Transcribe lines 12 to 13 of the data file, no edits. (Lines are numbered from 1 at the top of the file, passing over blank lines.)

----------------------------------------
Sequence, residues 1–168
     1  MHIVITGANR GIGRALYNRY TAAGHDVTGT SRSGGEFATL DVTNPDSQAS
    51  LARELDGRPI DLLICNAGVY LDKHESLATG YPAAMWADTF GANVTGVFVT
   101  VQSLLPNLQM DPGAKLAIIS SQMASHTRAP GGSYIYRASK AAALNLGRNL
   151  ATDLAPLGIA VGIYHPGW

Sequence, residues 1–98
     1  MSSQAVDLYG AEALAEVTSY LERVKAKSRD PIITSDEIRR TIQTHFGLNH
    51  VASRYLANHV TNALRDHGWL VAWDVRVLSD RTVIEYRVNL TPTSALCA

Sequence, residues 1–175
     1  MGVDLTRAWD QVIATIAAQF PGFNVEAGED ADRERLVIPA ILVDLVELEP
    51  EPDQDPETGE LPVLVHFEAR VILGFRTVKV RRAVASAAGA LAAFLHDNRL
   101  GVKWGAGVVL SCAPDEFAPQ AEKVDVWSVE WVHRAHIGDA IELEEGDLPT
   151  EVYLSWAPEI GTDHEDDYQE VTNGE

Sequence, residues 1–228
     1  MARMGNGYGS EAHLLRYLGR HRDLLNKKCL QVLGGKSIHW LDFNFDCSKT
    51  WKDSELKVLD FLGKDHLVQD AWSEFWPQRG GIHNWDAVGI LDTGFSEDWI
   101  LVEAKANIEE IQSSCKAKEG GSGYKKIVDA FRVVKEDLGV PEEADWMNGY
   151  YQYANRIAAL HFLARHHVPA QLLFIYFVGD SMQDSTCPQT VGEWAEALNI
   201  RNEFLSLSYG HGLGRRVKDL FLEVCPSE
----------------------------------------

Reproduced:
   101  GVKWGAGVVL SCAPDEFAPQ AEKVDVWSVE WVHRAHIGDA IELEEGDLPT
   151  EVYLSWAPEI GTDHEDDYQE VTNGE